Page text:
This study sought to understand how experiences of maltreatment occurring prior to 12 years
of age affect adolescent peer and dating relationships. A school-based sample of 15-year-olds
was divided into maltreated (n = 132) and nonmaltreated (n = 227)
subgroups based on self-reported maltreatment. These two groups were then compared on two
theoretically determined dimensions of adjustment (i.e., interpersonal sensitivity/hostility;
personal resources) and self- and teacher-report measures of peer and dating relationships.
Findings supported the hypothesis that maltreated youths significantly differed from
nonmaltreated youths in terms of adjustment problems as well as conflict with dating partners
and close friends. Maltreated youths reported significantly more verbal and physical abuse both
toward and by their dating partners, and were seen by teachers as engaging in more acts of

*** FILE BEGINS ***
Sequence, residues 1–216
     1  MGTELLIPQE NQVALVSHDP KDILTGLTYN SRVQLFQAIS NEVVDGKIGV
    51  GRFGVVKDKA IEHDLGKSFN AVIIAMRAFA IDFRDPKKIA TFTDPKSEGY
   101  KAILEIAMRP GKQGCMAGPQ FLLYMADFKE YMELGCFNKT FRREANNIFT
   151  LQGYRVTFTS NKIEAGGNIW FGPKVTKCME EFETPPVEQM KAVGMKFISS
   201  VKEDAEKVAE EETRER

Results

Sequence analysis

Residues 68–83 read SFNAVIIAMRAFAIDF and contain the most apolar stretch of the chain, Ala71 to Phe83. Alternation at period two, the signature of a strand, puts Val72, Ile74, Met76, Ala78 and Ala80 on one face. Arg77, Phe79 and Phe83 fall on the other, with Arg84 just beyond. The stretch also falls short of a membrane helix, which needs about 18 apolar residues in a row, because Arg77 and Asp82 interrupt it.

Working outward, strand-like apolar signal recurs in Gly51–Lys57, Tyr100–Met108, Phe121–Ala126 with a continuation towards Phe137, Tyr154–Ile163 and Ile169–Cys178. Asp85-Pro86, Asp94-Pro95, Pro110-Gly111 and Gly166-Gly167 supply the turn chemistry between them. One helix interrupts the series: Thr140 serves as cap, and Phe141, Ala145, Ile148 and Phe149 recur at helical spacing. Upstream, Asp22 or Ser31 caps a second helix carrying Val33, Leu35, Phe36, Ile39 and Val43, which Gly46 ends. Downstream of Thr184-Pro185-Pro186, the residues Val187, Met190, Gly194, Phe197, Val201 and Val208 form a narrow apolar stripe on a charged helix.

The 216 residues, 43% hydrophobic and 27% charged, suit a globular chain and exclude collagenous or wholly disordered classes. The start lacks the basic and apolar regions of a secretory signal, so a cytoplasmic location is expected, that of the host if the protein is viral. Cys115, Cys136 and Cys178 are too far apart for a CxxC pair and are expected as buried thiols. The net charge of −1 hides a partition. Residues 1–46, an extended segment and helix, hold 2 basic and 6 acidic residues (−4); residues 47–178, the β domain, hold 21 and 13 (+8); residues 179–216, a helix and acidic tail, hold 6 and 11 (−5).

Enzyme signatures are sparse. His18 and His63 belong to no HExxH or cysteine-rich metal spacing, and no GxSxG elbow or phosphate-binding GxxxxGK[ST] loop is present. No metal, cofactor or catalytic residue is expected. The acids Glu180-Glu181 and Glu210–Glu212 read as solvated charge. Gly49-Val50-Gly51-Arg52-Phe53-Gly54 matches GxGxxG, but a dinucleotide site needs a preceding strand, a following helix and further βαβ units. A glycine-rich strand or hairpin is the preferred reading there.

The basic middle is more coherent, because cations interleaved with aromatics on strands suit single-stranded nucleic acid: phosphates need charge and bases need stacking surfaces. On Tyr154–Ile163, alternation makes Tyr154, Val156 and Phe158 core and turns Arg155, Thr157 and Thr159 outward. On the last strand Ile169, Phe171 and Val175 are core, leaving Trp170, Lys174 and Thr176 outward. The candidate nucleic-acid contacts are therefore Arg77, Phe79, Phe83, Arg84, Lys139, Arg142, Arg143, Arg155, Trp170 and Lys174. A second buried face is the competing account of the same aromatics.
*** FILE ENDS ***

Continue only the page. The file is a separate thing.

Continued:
aggression and harassment toward others. In regression analyses, the significant association
between maltreatment and dating conflict for males was strengthened by including adjustment
dimensions in the equation; for females, adjustment variables mediated the association between
maltreatment and dating conflict. Results are discussed in relation to a maladaptive interpersonal
trajectory for maltreated children, wherein a violent interactional dynamic in adolescent close
relationships may be setting the stage for violence in intimate partnerships.